In the past years, there is increasing evidence of the involvement of the CP in a variety of disorders such as ageing [3, 16, 83], Alzheimer’s disease [30, 70], frontotemporal dementia [70], schizophrenia [34], Huntington’s disease [70] and cerebral ischemia [66]. In MS, the presence of periventricular lesions and the increased numbers of immune cells in the CSF [11] suggest an involvement of the CP in regulating pathology. In the mouse model for MS, called experimental autoimmune encephalomyelitis (EAE), the first wave of immune cell infiltration is thought to occur through the CP, by means of the interaction of Th17 cells with the CP epithelium-derived chemokine CCL20 [58]. In humans, activation of immune cell populations and adhesion mechanisms have been described in the CP from MS patients [65, 77]. Alterations in the BCSFB that could result in immune cell infiltration into the CNS have also been studied both in EAE and MS, with variable results [13, 37]. However, changes in the secretory activity of the CP in MS have not been explored. Given its critical contribution to CNS homeostasis through the production of CSF, the CP is a strong candidate to influence MS pathogenesis.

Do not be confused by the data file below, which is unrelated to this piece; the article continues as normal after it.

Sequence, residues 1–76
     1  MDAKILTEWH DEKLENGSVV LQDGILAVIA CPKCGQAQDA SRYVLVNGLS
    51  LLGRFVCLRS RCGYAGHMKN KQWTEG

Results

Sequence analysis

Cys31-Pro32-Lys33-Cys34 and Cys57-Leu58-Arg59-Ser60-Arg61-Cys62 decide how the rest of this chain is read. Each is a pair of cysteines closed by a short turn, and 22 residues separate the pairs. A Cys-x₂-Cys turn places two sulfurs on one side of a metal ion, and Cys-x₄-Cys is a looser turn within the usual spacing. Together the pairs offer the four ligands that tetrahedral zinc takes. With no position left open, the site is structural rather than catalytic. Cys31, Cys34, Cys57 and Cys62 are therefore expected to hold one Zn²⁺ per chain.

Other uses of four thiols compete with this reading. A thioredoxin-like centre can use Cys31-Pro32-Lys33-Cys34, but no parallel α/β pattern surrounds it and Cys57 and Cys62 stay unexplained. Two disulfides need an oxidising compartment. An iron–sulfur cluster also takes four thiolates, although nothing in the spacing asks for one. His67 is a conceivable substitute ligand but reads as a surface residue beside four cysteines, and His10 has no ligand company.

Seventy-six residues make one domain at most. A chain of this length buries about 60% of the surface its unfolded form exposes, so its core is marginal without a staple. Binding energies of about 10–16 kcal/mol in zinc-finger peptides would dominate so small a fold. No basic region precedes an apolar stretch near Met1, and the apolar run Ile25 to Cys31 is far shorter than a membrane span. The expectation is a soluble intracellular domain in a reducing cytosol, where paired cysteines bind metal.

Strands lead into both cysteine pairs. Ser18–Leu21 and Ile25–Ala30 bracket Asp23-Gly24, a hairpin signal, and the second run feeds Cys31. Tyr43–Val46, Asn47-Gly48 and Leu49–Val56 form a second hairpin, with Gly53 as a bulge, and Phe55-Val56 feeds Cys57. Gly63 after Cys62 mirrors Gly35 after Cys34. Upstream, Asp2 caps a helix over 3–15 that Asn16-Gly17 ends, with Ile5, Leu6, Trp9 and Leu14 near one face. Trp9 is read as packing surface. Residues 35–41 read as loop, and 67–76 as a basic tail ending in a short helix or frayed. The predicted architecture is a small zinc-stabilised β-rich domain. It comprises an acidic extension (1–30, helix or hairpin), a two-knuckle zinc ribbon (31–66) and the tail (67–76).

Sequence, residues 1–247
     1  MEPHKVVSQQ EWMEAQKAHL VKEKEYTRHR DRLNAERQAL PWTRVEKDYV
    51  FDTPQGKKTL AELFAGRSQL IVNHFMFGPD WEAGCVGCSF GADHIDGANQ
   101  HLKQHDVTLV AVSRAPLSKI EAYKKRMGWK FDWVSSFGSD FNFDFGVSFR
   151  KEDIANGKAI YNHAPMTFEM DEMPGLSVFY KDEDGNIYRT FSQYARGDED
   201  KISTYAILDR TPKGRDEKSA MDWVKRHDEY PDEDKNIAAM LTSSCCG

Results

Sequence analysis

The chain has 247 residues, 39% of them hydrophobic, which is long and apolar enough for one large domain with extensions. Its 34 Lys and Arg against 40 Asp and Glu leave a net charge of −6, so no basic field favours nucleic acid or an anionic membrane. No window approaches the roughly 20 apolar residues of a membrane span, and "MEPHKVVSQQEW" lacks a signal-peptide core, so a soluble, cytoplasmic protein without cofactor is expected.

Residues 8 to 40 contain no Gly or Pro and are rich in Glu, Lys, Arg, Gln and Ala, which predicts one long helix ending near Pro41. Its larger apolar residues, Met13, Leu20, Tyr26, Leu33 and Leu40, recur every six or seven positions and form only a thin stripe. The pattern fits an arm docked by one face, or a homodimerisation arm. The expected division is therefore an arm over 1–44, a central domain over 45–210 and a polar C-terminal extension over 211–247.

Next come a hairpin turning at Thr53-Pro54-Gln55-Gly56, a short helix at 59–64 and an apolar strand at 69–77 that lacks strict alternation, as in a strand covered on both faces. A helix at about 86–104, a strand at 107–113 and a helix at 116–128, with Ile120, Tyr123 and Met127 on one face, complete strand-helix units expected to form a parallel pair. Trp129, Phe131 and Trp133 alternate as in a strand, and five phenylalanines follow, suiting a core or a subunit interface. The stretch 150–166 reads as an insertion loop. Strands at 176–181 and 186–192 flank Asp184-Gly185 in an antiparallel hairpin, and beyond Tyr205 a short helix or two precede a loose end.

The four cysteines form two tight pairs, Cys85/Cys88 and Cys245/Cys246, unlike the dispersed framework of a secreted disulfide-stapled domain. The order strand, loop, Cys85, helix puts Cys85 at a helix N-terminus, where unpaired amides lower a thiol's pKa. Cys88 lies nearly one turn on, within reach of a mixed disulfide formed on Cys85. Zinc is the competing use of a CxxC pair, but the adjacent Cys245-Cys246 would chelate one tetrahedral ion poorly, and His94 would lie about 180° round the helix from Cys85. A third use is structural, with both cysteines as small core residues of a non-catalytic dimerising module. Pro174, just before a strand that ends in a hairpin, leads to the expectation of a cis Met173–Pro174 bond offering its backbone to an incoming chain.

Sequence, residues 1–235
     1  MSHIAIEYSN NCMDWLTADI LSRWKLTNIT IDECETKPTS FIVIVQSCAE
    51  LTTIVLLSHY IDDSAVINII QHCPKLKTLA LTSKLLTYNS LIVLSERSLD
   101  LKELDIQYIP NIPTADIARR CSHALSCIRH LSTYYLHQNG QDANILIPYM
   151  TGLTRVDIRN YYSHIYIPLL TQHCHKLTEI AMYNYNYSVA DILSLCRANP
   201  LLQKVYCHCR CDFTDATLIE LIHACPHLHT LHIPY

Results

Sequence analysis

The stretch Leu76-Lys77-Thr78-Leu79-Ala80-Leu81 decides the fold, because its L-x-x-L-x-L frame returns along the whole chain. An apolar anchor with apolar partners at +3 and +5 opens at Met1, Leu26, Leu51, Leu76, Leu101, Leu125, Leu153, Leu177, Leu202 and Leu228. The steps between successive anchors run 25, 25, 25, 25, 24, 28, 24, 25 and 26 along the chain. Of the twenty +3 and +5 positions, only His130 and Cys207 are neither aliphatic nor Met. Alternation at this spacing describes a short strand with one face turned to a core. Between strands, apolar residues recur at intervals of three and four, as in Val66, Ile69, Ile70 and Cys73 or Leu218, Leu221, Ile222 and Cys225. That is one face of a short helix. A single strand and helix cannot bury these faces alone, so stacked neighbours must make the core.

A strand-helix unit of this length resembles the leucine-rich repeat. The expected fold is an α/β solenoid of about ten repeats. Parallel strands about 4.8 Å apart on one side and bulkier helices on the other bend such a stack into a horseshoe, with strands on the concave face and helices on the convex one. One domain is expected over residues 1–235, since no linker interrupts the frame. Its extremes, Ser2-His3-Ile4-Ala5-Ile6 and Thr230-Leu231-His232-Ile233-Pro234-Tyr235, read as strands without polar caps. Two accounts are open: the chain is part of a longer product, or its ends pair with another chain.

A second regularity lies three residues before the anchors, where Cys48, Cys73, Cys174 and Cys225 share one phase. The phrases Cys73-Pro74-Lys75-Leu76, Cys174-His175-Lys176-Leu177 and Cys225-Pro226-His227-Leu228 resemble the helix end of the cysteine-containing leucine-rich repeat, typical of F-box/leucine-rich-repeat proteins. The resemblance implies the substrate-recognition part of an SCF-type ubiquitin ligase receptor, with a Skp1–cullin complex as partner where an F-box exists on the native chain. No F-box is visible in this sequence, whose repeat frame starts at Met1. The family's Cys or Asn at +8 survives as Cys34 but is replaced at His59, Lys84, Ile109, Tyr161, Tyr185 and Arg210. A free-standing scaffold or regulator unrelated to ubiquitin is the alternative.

To get a comprehensive overview of CP alterations in progressive MS and reveal potential disruptions in any of its critical attributes, including secretion, barrier formation or the immunological milieu, we performed RNA sequencing (RNA-seq) of human postmortem CP samples from the lateral ventricle of progressive MS patients and non-neurological controls. We here provide an overview on the CP transcriptomic alterations in progressive MS, including hypoxia-responsive, neuroprotective and secretory changes. Our findings suggest a deregulation of the Hypoxia-Inducible Factor (HIF)-1 pathway in progressive MS CP. These transcriptional changes are accompanied by altered levels of the hypoxia-responsive secreted peptide plasminogen activator inhibitor-1 (PAI-1) in the CSF of MS patients. Our data suggest that the CP epithelium is a source of secreted peptides into the CSF during progressive MS that can regulate CNS homeostatic responses. Together, this study provides the first characterization of the transcriptomic profile of the CP in progressive MS, pointing to hypoxia-related and neuroprotective responses and to a dysregulation in peptide secretion which may have important effects on CNS homeostasis during MS pathogenesis.